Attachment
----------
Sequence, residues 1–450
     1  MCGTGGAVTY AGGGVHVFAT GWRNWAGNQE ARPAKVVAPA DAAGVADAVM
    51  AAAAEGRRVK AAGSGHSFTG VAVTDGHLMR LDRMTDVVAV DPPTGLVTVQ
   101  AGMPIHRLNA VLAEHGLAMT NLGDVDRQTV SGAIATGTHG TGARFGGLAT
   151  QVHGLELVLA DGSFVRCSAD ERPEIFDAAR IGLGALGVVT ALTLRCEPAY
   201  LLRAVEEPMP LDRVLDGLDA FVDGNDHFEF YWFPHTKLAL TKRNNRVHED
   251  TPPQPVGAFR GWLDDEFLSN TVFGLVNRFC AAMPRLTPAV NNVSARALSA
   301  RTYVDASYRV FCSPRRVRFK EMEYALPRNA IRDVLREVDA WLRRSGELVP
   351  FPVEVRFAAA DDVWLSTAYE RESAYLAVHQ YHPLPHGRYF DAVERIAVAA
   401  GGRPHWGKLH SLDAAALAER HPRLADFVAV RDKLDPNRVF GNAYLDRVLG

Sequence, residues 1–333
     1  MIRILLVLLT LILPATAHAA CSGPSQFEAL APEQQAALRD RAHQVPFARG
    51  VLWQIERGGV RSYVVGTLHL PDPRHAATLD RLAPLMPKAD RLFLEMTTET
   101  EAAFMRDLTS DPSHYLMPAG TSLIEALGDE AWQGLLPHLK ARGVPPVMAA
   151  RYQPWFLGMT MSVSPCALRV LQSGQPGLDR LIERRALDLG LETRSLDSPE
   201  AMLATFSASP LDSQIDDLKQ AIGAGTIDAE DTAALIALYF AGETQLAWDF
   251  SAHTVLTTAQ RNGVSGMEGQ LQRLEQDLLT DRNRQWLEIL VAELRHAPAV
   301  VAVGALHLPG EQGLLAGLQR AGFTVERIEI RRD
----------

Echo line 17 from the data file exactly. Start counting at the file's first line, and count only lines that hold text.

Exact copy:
   251  SAHTVLTTAQ RNGVSGMEGQ LQRLEQDLLT DRNRQWLEIL VAELRHAPAV